If you remember last fall, the local town folk had asked to allow my story to be publicized. They felt it would increase “tourism” in the area. Over Irene’s apple pie I had agreed. Although I claim our winter alone was some feat of self-sacrifice and endurance the fear of limelight it is probably the real reason Dooly and I hid in the woods for the last five months (of course Dooly didn’t know that). “Holy cow, I thought you had packed up and moved back to Florida”, were the first words out of Irene’s mouth when we stopped in to see her on our first visit back to town in five months. “No, just haven’t had a reason come down off the mountain”, I explained, thinking she might be impressed with our self-sufficiency. “I see. How’s old Dooly?” “Mean as ever,” I joked. “I see,” she said while glancing back at some papers on her desk. The conversation was dying at an alarming rate. She seemed to be a little perturbed that I hadn’t fulfilled my obligation of exposing my secret cabin in the woods to the public. At least that’s what I thought. I said a polite goodbye and drove over to the store to gather some supplies. It was the busiest I had ever seen the place. There were five or six people laughing and chatting with a lady who was obviously the center of attention. The only one to look my way was Harry the hardware guy. “Hey”, I said with a little wave, “I need some chicken wire and seeds.” “Go on back and pick out what you need, I’ll be with you in a minute”. When Harry finally came back I had to ask about the woman. “That’s Caroline McCoy” he explained,” she has a farm up on Rocky Branch and she’s a romance writer, a damn good one from what I understand.” “I see”, I said, trying not to appear too impressed. “She’s been the talk of the town since she got here. That’ll be $65.00, anything else?” “No, I guess not”. Driving back to the cabin I was a little sad. The town had found a fresh and far prettier newcomer to focus their attention on. My big fish days were over.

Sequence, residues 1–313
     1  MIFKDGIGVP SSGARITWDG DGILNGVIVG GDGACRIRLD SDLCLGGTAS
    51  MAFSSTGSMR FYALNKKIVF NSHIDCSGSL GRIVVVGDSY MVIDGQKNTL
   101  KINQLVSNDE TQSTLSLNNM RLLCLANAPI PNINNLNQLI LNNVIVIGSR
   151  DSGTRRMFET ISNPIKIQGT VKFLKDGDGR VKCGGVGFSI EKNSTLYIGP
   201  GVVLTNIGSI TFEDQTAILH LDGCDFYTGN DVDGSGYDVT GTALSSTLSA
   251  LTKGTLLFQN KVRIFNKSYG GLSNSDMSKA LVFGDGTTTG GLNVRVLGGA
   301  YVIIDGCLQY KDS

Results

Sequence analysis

Dooly and I sat on the porch and watched spring arrive this morning. I thought about creating a dance or something to welcome her in…something that could be a personal tradition but I guess my muse had not yet come out of hibernation. We just sat and watched. It was spectacular. I would have been smoking a Swisher Sweet Outlaw Double Barrel Rum cigar to celebrate , but I ran out in mid February. Dooly and I ran out of a number of staples over the winter months. We did it though, we were totally self sufficient for almost 5 months. We were two righteous hermits of the highest order.